For example, Vancouver Health By-Law No. 6580 bans smoking in all public places. The Vancouver no-smoking zone is six metres of an entryway, open window or air intake of a building, while the provincial act only bans smoking within three metres of these areas. The Vancouver bylaw also imposes the duty on responsible persons to post no-smoking signs.

Depending on which municipality the condominium building is located, strata corporations and managers should check the local bylaws for applicable smoking rules.

Human Rights Code

The BC Human Rights Code can be used in two ways: it can assist the enforcement of non-smoking bylaws, but may require that a strata corporation accommodate the owner who is addicted to smoking.

To assist the enforcement of non-smoking bylaws, the Human Rights Code protects the rights of individuals who have a demonstrated allergy or sensitivity to second-hand smoke. An owner may be able to turn to the Code for protection if they have a disability that is exacerbated by second-hand smoke, and can take the position that the strata corporation has a responsibility to limit or ban smoking in order to accommodate the owner's disability.

On the other hand, there is support for the premise that nicotine addiction is within the meaning of physical disability under the Code. While there is no inherent right to smoke, smoking is still a legal activity, as long as it is carried out in places where the smoke does not harm others. Therefore, smoking prohibition bylaws should only ban smoke in areas where non-smokers are put at risk, and the strata corporation should be mindful that they may have to accommodate people who are addicted to nicotine.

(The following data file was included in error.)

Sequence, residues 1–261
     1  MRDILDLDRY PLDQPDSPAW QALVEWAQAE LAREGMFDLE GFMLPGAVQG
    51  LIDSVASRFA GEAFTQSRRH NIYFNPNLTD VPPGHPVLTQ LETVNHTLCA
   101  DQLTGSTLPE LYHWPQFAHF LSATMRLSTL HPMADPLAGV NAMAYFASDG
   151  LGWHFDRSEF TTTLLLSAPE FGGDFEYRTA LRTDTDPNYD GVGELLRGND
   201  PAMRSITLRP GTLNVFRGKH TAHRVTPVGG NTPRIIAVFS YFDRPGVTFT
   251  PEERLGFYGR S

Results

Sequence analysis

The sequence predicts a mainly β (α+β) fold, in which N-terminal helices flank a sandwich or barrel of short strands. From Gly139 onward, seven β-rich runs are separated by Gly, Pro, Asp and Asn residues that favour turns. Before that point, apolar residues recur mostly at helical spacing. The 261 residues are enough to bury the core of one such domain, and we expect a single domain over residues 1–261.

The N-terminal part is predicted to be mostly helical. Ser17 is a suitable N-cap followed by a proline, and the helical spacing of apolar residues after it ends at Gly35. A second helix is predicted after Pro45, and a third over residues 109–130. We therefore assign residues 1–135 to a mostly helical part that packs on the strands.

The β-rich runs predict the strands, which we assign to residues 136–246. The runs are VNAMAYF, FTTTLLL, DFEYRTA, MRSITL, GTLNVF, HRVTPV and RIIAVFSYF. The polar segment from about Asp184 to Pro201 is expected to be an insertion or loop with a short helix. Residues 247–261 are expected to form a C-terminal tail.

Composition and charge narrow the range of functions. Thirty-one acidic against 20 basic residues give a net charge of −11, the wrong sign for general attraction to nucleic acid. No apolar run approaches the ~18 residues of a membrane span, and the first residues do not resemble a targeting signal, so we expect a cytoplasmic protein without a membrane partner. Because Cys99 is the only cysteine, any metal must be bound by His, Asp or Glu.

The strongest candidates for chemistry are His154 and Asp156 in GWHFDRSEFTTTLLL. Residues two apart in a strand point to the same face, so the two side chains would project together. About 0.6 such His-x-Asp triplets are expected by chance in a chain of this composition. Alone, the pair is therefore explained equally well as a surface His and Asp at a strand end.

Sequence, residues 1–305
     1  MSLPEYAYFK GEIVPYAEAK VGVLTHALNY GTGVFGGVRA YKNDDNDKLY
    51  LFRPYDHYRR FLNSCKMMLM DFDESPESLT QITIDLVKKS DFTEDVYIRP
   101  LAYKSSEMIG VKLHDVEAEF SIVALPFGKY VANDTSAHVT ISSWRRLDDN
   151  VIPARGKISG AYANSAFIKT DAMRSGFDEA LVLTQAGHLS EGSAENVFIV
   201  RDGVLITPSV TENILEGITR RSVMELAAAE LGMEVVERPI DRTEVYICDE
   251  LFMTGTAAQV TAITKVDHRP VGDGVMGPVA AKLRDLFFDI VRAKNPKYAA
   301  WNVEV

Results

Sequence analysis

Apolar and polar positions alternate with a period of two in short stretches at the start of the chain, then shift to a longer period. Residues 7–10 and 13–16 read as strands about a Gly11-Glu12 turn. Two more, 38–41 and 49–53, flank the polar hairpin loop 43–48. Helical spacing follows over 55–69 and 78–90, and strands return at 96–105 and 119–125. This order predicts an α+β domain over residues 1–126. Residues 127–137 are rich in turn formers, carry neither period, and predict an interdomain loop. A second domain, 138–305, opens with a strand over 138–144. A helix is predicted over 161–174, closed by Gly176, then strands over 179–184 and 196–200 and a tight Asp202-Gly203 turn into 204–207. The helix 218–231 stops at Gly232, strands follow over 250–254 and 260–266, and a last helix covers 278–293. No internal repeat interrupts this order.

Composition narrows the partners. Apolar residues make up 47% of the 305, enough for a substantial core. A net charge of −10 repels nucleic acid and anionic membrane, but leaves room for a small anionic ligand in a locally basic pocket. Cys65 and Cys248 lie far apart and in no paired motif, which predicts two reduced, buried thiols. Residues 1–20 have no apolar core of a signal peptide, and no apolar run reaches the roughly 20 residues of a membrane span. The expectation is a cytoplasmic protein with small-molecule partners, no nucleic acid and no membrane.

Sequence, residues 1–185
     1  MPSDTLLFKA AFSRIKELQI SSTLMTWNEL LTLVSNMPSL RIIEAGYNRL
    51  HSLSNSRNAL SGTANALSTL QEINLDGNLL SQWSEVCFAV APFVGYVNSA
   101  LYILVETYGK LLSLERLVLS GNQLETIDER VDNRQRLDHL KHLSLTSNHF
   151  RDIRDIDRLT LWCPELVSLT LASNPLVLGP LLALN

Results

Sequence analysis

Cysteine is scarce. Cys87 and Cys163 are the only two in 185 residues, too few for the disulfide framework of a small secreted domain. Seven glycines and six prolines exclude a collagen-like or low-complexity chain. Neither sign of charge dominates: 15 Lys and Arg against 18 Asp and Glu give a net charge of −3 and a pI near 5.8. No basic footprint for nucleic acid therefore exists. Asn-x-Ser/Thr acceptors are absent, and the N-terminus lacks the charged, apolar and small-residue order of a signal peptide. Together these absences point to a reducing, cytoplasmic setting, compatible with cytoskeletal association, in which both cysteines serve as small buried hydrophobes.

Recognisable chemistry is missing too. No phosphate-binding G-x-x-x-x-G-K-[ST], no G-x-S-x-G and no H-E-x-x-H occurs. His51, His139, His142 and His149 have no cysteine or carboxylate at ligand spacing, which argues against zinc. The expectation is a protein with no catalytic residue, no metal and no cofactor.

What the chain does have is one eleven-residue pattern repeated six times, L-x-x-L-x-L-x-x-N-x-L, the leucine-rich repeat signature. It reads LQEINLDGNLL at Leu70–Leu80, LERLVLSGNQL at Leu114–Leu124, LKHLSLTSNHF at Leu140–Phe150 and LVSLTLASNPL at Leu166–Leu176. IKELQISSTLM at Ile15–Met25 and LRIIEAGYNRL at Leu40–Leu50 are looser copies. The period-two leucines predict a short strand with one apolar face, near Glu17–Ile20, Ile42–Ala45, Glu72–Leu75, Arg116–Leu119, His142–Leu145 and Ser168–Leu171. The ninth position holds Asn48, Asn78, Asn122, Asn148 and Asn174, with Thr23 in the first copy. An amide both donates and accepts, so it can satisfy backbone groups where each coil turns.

Unfortunately, to date, there are no cases reconciling the interests of persons with allergies to smoking with those of residents who have an addiction, leaving strata councils struggling to resolve smoking disputes. Addressing competing interests may require creative solutions, including such things as alterations to the ventilation systems of the building.

To Ban or not to Ban?

Strata corporations and managers face the difficult task of balancing the competing interests of owners, while ensuring that they comply with the laws in place in the province.

What is clear is that there is now a positive obligation to ensure that public spaces are smoke free. While nothing in provincial legislation and applicable municipal bylaws imposes an obligation on a strata corporation to pass a bylaw to that effect, a strata corporation will be more easily able to discharge its obligation to enforce the ban on smoking in the identified public areas if a bylaw is formally adopted. The benefit of having something in writing, in the form of a bylaw, is that it makes it clear to owners where they are or are not allowed to smoke. Bylaws are registered in the Land Title Office, and as such, everyone is deemed to have notice of the bylaw, including persons who purchase a strata lot. Further, strata corporations then have the ability to enforce the bylaw and respond to complaints by imposing bylaw infraction penalties under the Strata Property Act, including fines.

And while an outright ban on smoking, including in individual strata lots, may not be necessary, or, for that matter, easy to pass, the law of nuisance provides protection for owners from second-hand smoke in specific instances where they can demonstrate they are personally being negatively impacted by someone else smoking.